We asked our friend Jim Gray, one of the best to ever do it, to write us a few milestones of his rebel brand in the ’90s, Acme Skateboards. Brush up on your history of the original industry outlier who stayed steadfast to his values and pushed against the corporate skateboarding status quo.
Check out The Hundreds X Acme Skateboards collaboration, available now at flagships, select retailers, and the Online Shop.
Jim Gray still goin’ strong in 2015. Photo by Lorrie Palmos.
“We made statements, showed products, and laughed at ourselves and everyone else.”
This is 1994 in our Acme Warehouse mini ramp. This was just typical of another day at Acme.
Acme Builds its own factory. We made 10,000 boards in the first 6 months and 10,000 in the next 6 weeks. We had 24 presses and could press about 96 boards an hour or approximately 768 boards in an 8 hour shift.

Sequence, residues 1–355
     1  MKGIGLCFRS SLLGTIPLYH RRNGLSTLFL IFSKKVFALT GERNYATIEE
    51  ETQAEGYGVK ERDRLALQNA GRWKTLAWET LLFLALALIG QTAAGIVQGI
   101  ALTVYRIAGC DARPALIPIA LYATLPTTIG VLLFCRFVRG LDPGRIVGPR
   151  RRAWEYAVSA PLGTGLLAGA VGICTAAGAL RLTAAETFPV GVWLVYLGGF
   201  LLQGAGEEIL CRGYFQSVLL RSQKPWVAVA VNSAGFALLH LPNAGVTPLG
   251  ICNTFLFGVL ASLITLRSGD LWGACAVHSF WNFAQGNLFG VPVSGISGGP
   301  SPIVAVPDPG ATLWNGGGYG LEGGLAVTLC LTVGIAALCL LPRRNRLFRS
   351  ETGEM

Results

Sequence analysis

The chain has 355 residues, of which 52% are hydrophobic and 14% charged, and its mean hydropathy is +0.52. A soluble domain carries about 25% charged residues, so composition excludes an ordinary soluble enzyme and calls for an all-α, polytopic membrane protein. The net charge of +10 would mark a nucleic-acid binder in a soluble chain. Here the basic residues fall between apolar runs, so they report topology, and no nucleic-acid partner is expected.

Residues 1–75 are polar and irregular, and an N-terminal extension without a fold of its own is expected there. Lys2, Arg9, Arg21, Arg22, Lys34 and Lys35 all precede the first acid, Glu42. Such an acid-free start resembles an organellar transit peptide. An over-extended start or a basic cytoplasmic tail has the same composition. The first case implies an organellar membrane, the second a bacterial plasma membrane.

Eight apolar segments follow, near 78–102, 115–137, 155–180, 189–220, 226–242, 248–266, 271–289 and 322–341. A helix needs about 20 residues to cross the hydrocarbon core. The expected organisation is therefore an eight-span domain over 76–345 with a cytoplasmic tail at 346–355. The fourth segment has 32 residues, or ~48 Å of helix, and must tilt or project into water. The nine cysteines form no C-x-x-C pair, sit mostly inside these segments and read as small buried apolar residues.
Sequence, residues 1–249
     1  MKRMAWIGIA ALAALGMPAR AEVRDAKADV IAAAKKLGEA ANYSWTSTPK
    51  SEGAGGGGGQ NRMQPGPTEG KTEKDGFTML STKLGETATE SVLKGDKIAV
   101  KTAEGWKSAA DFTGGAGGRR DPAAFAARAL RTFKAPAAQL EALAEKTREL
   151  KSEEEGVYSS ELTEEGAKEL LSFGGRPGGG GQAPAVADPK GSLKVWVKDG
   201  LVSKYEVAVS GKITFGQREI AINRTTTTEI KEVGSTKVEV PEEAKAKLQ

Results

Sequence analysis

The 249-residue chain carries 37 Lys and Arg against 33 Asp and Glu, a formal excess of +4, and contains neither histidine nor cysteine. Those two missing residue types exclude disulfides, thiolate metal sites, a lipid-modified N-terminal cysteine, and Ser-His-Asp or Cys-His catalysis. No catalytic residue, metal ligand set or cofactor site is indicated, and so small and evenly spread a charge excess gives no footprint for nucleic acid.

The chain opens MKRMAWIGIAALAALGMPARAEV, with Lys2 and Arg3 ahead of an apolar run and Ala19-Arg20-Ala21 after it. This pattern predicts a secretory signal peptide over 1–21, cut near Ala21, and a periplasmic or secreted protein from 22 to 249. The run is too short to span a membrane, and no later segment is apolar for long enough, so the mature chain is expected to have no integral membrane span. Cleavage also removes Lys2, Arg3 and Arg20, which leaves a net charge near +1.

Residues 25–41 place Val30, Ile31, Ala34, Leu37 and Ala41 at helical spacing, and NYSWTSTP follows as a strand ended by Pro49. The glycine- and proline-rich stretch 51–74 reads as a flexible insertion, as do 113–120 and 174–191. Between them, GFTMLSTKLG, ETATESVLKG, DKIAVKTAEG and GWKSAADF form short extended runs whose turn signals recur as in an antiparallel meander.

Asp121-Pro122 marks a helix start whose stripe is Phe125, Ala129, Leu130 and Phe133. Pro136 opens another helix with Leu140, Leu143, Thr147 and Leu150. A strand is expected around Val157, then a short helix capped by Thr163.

I was the only pro skater to ever build a major manufacturing plant. Most of my competitors were marketing companies that never built a thing. We were very proud as our goal was never to be a marketing company, but a true skateboard manufacturer, and we had finally achieved that.
Here’s a video that was a preview for a full length video we did in 1997. It was called Hakkuh.
We did many videos over the years. What was usually different with ours than many others at the time is we showed all types of skating from street to bowls, ditches, pools, etc… that was just not done in 1997. At the time, it was only cool to show street skating, but we weren’t having any of that BS, we were a skateboard company and supported all types of skating.
The Taylor Dykema Skate Factory Auction in 2006.
Acme Skateboards partners with The Hundreds for The Hundreds X Acme Skateboards collaboration. It is available now HERE!